Can Positive Thinking Help Ease Depression?

There’s no magic wand to combat a depressive episode, but gently urging your thoughts in a positive direction is a helpful, mood-stabilizing practice.

Posted in , Mar 22, 2018

Positive thoughts to fight depression

“The two most powerful warriors are patience and time,” said Leo Tolstoy. The famous Russian author might well have been talking to those who struggle with depression when he wrote these words—experts say that the twin strategies of patience and time are the keys to positive thinking having an impact on emotional wellbeing.

Fiona Thomas, a mental health writer, recently explored this idea in a piece in the online British magazine, Metro UK. Having experienced depressive episodes in her life, Thomas consulted researchers who study the impact of positive thinking on depression. 

Her conclusion squares with the growing body of research on authentic positivity—that thinking positively is not a magic wand that can erase negative feelings or experiences, but rather is a powerful component of a healthful, hopeful lifestyle.

The key to changing mood through positive thinking, she writes, is to give positive habits ample time to take hold. She has used a number of different strategies, including reading a positive affirmation each morning, or practicing mindful behaviors like savoring a morning cup of coffee sip by sip.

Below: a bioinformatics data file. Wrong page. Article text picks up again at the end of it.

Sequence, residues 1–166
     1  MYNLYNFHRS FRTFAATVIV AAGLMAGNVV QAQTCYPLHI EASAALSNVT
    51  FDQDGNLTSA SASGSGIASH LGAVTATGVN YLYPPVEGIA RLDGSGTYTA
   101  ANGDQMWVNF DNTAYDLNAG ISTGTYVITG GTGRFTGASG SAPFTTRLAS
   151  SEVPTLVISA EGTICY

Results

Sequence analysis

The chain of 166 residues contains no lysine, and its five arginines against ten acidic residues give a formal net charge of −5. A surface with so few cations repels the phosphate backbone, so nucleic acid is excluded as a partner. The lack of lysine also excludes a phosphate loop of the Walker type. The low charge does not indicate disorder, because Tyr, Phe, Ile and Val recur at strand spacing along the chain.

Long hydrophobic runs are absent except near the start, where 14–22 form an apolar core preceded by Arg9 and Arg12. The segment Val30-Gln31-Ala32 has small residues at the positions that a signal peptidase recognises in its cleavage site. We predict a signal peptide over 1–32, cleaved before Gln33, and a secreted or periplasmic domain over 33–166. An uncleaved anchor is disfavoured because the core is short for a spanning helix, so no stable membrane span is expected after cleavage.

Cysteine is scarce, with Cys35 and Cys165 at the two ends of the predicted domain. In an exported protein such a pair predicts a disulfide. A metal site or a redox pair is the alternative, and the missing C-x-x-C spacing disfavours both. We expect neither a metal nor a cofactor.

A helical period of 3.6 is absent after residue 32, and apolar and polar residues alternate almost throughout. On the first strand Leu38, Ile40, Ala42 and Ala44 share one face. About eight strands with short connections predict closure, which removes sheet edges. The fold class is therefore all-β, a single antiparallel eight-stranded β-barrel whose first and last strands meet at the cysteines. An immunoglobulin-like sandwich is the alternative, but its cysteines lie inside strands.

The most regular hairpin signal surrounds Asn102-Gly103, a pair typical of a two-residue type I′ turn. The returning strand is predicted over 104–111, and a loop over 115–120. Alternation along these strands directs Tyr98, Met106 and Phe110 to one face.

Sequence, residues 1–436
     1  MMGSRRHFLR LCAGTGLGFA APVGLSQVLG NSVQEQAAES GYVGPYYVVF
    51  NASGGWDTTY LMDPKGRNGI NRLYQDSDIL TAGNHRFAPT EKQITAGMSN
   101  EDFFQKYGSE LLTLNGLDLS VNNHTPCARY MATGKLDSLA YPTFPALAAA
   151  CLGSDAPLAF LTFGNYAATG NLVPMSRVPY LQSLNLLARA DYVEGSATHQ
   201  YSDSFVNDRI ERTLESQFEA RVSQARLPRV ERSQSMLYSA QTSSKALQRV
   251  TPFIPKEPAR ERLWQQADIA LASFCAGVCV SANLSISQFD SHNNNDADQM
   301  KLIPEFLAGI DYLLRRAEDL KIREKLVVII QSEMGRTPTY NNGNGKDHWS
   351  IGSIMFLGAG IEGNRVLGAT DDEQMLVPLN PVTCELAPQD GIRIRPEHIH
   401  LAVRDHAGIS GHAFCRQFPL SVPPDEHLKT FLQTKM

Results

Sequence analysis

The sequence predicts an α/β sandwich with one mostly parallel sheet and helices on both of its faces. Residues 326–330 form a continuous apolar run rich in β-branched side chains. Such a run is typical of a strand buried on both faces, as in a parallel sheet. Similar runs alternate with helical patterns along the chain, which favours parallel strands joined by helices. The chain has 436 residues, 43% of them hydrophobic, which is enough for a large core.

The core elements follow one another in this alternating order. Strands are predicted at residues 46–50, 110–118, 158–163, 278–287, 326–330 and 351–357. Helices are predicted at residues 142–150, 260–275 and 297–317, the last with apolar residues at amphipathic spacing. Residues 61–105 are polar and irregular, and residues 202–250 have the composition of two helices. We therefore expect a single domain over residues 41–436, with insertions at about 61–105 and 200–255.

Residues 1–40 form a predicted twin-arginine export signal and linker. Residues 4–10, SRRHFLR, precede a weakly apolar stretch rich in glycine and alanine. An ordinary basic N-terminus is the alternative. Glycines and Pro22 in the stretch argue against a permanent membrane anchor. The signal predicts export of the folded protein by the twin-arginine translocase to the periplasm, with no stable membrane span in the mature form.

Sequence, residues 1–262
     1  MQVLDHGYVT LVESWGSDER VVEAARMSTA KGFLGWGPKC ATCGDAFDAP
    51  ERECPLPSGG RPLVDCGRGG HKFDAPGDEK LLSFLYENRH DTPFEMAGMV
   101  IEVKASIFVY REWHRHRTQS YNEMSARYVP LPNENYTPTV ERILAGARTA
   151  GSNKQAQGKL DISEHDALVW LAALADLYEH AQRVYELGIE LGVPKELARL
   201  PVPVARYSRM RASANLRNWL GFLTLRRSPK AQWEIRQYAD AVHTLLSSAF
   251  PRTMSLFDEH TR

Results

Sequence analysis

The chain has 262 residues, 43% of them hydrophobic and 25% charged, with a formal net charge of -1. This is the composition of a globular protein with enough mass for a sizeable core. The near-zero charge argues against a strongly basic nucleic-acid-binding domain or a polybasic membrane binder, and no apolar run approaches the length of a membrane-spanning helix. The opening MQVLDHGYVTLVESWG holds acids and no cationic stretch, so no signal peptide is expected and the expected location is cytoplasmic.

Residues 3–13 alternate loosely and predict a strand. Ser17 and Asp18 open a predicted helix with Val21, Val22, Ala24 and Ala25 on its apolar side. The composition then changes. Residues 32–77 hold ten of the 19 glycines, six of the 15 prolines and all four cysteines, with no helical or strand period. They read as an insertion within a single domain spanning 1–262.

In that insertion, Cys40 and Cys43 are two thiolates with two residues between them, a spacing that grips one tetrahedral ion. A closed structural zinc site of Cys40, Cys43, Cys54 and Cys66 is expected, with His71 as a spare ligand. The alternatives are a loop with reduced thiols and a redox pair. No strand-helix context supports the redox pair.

Over time, those behaviors become routine, and they encourage brain activity that regulates emotion. In contrast to the “autopilot” feelings of depression, where energy, motivation, and hope are low, the practice of positive thinking stimulates a more active brain that can notice the full breadth of life, not just the negative, energy-sapping aspects. 

Anyone who feels they may be suffering from depression should consult a professional counselor or doctor for guidance and treatment. Moreover, Thomas urges people not to attempt to launch a positive thinking practice if they are in an acute depressive episode, lest they feel shame or disappointment that the techniques don’t take immediate effect. The time to try out a new, positive routine is when symptoms are well managed.

But Thomas writes that the consistent use of positive thinking strategies have made a significant impact on her emotional wellness: “I can flex it when I’m feeling good, take time to appreciate and feel grateful for those moments, and return to that frame of mind almost as a reminder that they’ll return if I’m feeling low.”

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